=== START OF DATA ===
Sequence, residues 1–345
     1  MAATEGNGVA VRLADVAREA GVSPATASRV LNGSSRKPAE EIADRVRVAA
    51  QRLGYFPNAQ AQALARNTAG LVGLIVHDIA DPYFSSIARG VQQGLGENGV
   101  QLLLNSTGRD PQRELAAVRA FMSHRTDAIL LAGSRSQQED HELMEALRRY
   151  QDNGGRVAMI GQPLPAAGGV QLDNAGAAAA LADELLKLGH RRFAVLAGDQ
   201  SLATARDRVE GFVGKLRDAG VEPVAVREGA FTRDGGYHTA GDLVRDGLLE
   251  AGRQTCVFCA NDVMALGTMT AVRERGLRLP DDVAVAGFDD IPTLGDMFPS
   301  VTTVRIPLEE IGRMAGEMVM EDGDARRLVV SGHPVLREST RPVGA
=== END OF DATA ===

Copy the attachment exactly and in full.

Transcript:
Sequence, residues 1–345
     1  MAATEGNGVA VRLADVAREA GVSPATASRV LNGSSRKPAE EIADRVRVAA
    51  QRLGYFPNAQ AQALARNTAG LVGLIVHDIA DPYFSSIARG VQQGLGENGV
   101  QLLLNSTGRD PQRELAAVRA FMSHRTDAIL LAGSRSQQED HELMEALRRY
   151  QDNGGRVAMI GQPLPAAGGV QLDNAGAAAA LADELLKLGH RRFAVLAGDQ
   201  SLATARDRVE GFVGKLRDAG VEPVAVREGA FTRDGGYHTA GDLVRDGLLE
   251  AGRQTCVFCA NDVMALGTMT AVRERGLRLP DDVAVAGFDD IPTLGDMFPS
   301  VTTVRIPLEE IGRMAGEMVM EDGDARRLVV SGHPVLREST RPVGA